Matthew Avila has been in the Navy for six years. As a gay man in the era of “Don't Ask, Don't Tell,” he rarely felt he could let down his guard.
“There was definitely a time when I constantly had to watch my words, every step I took,” said Avila, 25, who is stationed in Imperial Beach.
He felt the tension begin to lift last year as pressure increased for gays and lesbians to be allowed to openly serve in the military.
A crowd gathered at The Center in Hillcrest in the early evening Tuesday to celebrate the official end to DADT, nine months after the Senate voted to repeal the policy.
Avila and his friend, Jesus Torres, clutched small flags during the ceremony. Torres, a 14-year Navy veteran, soon will be training in Coronado as he prepares for his seventh deployment, aboard the USS New Orleans.
Torres has been out during his entire hitch, and faced no repercussions. What struck him about Tuesday's celebration, he said, was the idea of “freedom for everyone.”
“It's such a great occasion. It feels like the Fourth of July,” he said.
DADT was first enacted in 1993 by President Bill Clinton. The policy gained its moniker because service members were told not to ask about anyone's sexual orientation, and people who identified themselves as gay or lesbian were told not to tell.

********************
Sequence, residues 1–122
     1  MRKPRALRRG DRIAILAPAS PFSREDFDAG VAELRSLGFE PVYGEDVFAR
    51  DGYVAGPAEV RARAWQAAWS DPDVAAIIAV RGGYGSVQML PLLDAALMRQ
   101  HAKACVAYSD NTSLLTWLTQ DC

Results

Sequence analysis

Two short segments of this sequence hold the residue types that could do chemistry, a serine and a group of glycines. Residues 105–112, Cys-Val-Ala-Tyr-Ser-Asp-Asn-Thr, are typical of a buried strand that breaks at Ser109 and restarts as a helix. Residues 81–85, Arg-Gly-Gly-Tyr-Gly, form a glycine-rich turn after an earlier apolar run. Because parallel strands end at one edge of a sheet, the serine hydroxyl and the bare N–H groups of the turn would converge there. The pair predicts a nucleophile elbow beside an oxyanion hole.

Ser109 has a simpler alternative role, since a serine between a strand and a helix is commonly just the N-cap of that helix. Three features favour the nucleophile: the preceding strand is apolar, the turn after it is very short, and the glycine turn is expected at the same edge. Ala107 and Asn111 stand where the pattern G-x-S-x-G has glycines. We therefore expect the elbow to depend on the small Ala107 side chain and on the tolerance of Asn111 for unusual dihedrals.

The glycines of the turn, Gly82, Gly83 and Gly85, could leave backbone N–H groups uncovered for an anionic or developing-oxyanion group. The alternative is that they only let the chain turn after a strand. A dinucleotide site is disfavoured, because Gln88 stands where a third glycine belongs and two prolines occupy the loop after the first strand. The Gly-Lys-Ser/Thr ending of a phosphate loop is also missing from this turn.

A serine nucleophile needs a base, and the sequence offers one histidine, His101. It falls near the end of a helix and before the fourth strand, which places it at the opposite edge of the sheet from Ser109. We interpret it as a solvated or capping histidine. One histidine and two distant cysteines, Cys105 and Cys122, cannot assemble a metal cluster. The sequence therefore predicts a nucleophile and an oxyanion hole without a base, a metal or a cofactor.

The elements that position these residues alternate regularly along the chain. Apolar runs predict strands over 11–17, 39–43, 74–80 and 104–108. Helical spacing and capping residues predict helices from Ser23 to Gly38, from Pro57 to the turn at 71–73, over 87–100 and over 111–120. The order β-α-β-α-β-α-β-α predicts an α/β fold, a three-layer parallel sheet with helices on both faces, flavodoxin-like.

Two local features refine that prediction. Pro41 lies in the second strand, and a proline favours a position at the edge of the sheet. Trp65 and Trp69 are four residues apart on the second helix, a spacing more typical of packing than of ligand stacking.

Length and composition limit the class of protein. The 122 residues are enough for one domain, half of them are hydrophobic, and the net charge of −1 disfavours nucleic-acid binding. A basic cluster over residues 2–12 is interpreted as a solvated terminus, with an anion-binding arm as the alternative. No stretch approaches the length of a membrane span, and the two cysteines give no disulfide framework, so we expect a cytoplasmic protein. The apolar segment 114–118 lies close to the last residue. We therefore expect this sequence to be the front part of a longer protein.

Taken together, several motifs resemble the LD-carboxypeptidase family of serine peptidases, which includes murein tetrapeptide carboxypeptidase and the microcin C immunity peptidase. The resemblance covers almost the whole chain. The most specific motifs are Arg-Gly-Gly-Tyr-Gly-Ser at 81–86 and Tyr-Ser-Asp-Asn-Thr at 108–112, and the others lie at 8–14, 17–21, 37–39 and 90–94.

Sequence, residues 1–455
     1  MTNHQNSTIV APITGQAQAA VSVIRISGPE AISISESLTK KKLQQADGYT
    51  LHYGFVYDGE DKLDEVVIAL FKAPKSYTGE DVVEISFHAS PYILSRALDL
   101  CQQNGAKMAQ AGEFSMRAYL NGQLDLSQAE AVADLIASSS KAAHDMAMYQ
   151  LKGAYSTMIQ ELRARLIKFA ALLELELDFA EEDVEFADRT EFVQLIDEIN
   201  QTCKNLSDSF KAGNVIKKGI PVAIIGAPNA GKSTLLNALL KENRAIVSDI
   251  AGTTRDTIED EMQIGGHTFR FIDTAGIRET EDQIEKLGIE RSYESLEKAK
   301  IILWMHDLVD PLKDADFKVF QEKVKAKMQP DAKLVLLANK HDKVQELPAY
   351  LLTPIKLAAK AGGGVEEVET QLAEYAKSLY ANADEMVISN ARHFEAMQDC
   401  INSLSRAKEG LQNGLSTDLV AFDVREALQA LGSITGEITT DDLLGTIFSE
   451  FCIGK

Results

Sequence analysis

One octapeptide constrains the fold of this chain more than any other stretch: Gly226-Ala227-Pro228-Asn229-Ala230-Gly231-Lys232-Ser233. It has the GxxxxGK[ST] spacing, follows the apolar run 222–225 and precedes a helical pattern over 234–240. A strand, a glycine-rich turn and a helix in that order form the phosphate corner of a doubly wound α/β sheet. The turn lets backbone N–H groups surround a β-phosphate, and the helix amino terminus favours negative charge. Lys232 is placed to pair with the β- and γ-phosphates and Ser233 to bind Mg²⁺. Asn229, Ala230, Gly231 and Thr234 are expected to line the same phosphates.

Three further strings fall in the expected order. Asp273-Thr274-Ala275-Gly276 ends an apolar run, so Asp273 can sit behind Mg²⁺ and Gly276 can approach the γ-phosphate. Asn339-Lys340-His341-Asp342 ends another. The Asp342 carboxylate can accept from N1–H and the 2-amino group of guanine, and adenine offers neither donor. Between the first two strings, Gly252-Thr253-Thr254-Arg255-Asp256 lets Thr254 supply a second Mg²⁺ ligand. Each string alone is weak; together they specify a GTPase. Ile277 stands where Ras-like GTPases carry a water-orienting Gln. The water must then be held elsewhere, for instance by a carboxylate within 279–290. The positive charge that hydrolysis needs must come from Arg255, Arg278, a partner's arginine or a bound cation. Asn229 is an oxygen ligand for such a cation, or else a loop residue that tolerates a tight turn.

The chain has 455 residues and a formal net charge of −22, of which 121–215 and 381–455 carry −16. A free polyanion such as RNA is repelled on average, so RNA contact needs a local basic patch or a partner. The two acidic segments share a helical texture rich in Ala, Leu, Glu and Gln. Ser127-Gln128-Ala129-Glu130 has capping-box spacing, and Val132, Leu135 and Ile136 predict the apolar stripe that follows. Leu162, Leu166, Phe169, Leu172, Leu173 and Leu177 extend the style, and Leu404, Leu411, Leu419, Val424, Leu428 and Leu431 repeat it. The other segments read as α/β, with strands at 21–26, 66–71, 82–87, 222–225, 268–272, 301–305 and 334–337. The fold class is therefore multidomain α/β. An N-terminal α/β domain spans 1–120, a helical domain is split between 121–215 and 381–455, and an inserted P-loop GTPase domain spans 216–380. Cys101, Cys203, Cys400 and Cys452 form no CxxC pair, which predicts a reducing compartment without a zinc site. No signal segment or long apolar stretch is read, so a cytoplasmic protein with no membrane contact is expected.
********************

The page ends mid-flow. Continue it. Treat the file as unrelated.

The law was officially repealed in December and was certified for implementation July 22 by President Barack Obama, Secretary of Defense Leon Panetta and Chairman of the Joint Chiefs of Staff Mike Mullen.
Nearly 14,000 service members were discharged because of the policy. Those forced out of the service because of their sexual orientation will be allowed to reapply "and will be evaluated according to the same standards as all other applicants for re-entry," according to a Department of Defense DADT reference guide.
David Lyons, 26, served in the Navy until two years ago and is enrolled in a pre-med program at San Diego State University. Lyons, who graduated from high school in Chula Vista, is considering returning to the Navy when he finishes school.
The end to DADT will be a factor in his decision.
“The fact that this is no longer an issue makes it that much more attractive,“ he said.